Neil talks to The Naked Tour Guide – an enterprising Irish student making waves in Prague. We find out about the Limerick man preparing to row two thousand miles across the Arctic Ocean. And get your calls in to podiatrist Mary Moore who’ll be advising on limiting the damage caused by six inch heels! E-mail us now on email@example.com, tweet @MooneyShow, or from 3pm call 1850 715 900 or text 51551.
The 1973 movie The Sting is probably the greatest movie ever made about the whole "industry" of confidence trickery. And what an industry it is!
Conmen have been around for as long as money itself. And just in case you think these characters are exaggerated in works of fiction, like The Sting, think again!
Two stories involving conmen were covered in the papers over the last week, both with connections to our little island.
The first concerned a former U.S. Air Force pilot, who pleaded guilty recently for working fraudulently as a commercial airline pilot.
The second involved a very charming young Colombian man, who managed to con his way into the very exclusive Merrion Hotel in Dublin, walking away with €40,000 and some very nice jewellery!
Producer Olan McGowan has been looking into these two stories. And we've also decided to "celebrate", if that's the right word, some of the world’s most legendary confidence tricksters.
We've all heard of "Ponzi schemes". But they were actually named after a guy called Charles Ponzi, and Italian businessman who became known in the early 1920s as a swindler in North America for his money making scheme. Charles Ponzi promised clients a 50% profit within 45 days, or 100% profit within 90 days, by buying discounted postal reply coupons in other countries and redeeming them at face value in the United States. In reality, Ponzi was paying early investors using the investments of later investors. This type of scheme is now known as a "Ponzi scheme".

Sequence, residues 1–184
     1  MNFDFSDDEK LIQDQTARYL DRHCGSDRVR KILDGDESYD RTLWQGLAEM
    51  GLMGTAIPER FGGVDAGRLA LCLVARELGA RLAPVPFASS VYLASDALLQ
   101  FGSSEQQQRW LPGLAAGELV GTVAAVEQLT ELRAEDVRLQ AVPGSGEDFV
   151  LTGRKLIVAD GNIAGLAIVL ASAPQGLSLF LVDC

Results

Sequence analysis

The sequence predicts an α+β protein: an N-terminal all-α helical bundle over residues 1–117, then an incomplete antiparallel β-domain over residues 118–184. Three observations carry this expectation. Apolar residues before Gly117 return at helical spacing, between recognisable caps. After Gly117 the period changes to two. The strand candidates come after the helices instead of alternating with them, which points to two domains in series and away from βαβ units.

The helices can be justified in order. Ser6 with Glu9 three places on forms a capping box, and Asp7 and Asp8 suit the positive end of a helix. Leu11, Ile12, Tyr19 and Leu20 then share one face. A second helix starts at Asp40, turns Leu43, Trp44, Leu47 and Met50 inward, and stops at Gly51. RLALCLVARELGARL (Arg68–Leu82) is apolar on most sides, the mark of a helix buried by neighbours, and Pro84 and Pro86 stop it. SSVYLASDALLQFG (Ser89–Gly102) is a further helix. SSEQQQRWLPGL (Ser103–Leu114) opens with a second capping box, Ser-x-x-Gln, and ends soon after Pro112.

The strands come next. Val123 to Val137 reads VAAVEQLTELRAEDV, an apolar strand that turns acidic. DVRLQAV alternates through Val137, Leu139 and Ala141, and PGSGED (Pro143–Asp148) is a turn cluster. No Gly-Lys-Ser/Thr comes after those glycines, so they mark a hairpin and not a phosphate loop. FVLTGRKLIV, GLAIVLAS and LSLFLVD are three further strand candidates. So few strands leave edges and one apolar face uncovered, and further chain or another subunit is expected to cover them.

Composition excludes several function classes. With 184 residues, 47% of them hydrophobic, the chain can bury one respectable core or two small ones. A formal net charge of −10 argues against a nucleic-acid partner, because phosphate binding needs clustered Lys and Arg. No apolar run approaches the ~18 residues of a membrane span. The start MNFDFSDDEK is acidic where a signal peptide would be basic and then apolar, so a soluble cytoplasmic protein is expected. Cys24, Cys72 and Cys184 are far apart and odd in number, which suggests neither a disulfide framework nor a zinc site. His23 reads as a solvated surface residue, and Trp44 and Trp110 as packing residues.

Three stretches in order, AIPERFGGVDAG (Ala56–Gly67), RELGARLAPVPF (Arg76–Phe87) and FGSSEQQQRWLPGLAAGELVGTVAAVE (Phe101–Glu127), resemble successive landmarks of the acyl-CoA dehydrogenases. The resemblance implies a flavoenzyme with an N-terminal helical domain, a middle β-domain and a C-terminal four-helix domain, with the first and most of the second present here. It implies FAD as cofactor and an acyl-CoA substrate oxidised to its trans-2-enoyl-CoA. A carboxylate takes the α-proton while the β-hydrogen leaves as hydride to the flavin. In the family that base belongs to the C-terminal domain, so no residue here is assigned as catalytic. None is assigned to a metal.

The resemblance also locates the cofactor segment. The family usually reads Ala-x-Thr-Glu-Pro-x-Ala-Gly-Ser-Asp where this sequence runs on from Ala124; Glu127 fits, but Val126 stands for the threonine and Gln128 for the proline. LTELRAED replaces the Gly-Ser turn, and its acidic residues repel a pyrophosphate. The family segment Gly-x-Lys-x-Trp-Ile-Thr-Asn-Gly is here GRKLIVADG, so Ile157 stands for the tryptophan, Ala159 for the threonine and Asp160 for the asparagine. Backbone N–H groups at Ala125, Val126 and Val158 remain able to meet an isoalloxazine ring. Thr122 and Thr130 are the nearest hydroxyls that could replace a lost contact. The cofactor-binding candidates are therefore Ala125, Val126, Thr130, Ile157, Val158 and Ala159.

Gregor MacGregor made his fortune and reputation in the early 1800s when he convinced hundreds of investors that he was the prince of the fictional country of Poyois!
People will know Frank best as he was betrayed by Leonardo DiCaprio in the movie Catch Me If You Can.
Born in 1971, Robert was a British barman, car salesman, conman and impostor - who masqueraded as an MI5 agent. For more on this fascinating story, you can read this Guardian article all about Hendy-Freegard: www.guardian.co.uk/uk/2005/sep/06/ukcrime.
Clifford Michael Irving
Born on November 5th, 1930, Clifford is an American investigative reporter and writer. He is known for a fake "autobiography" of Howard Hughes in the early 1970s.
A Limerick man in a little row boat is about to take on a 3,000 kilometre journey in an attempt to become the first to do it on human power alone and in one season. His name is Paul Gleeson and he joins Neil in studio today!
On July 1, Paul and his fellow rowers will attempt to row 2,000 miles across the infamous North West Passage in the Canadian High Arctic, starting in Inuvik (Northern Canada) and finishing in Pond Inlet (On Baffin Island). It is a sea route through the Arctic Ocean, along the northern coast of North America via waterways amidst the Canadian Arctic Archipelago, connecting the Atlantic and Pacific Oceans.